And here’s an excerpt from the chapter on “The Reformation”.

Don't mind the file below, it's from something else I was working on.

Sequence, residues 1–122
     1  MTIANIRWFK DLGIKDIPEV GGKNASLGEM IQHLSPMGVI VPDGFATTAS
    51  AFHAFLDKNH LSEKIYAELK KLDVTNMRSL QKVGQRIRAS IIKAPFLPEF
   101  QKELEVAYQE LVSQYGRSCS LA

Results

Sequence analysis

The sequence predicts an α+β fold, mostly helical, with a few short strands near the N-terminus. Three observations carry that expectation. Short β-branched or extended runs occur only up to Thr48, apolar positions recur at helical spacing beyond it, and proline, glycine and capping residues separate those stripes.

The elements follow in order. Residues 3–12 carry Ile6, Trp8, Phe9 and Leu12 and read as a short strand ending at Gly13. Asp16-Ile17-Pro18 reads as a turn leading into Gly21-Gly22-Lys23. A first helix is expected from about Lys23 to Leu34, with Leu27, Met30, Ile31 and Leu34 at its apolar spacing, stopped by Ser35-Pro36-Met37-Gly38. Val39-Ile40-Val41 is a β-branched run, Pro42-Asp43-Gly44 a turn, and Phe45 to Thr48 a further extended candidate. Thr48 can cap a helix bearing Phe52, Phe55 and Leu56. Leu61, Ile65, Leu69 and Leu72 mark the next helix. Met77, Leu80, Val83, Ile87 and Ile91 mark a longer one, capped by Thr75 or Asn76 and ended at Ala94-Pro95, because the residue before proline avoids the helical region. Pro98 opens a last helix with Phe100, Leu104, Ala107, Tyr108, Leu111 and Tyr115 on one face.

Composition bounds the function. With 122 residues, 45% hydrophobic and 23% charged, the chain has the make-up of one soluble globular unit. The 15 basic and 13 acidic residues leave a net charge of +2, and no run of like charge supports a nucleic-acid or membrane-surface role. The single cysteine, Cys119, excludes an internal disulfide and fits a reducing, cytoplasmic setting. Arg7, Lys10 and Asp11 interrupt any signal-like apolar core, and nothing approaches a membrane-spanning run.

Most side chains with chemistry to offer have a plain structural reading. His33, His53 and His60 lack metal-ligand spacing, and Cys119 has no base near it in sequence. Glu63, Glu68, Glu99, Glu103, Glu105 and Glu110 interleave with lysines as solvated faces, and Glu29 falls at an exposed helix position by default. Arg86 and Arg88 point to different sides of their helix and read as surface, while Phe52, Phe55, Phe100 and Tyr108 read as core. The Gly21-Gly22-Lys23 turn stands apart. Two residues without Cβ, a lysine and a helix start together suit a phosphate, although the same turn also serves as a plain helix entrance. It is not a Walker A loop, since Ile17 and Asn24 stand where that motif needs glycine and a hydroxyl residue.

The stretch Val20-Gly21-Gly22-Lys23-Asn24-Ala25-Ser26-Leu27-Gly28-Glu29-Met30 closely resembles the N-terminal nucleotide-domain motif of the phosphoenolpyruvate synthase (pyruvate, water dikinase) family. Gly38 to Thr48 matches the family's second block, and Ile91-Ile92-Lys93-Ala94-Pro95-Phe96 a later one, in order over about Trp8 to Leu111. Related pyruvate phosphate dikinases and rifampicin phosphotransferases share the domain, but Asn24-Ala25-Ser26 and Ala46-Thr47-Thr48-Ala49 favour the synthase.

“Boétie was perhaps the first thinker to explore systematically what may well be one of the most fundamental mysteries of politics—how is it that the few, or the one, succeed in dominating the many? For Boétie, human beings are naturally free and equal: ‘we are all naturally free, inasmuch as we are all comrades. Accordingly it should not enter the mind of anyone that nature has placed some of us in slavery, since she has actually created us all in one likeness….Since freedom is our natural state, we are not only in possession of it but have the urge to defend it. [de la Boétie, 51-52] Being thus free and equal, if one man dominates another, that domination stands in need of explanation and justification. Perhaps that man is stronger than his victim. That may well be so one on one, but it can scarcely explain how, as in the case of political rule, one man or a small group of men succeeds in dominating thousands or millions. ‘For the present,’ he writes, ‘I should [desire] to understand how it happens that so many men, so many villages, so many cities, so many nations, sometimes suffer under a single tyrant who has no other power than the power they give him; who is able to harm them only to the extent to which they have the willingness to bear with him; who could do them absolutely no injury unless they preferred to put up with him rather than contradict him. Surely a striking situation!’ [de la Boétie, 42] In words that are eerily reminiscent of 1 Samuel 8: 11-18, too reminiscent perhaps to be entirely coincidental, Boétie details the depredations typically inflicted on subjects by their ruler: ‘You sow your crops in order that he may ravage them, you install and furnish your homes to give him goods to pillage; you rear your daughters that he may gratify his lust; you bring up your children in order that he may confer upon them the greatest privilege he knows—to be led into his battles, to be delivered to butchery, to be made the servants of his greed and the instruments of his vengeance; you yield your bodies unto hard labor in order that he may indulge in his delights and wallow in his filthy pleasures; you weaken yourselves in order to make him the stronger and the mightier to hold you in check. From all these indignities, such as the very beasts of the field would not endure, you can deliver yourselves if you try, not by taking action, but merely by willing to be free. Resolve to serve no more, and you are at once freed.’ [de la Boétie, 48]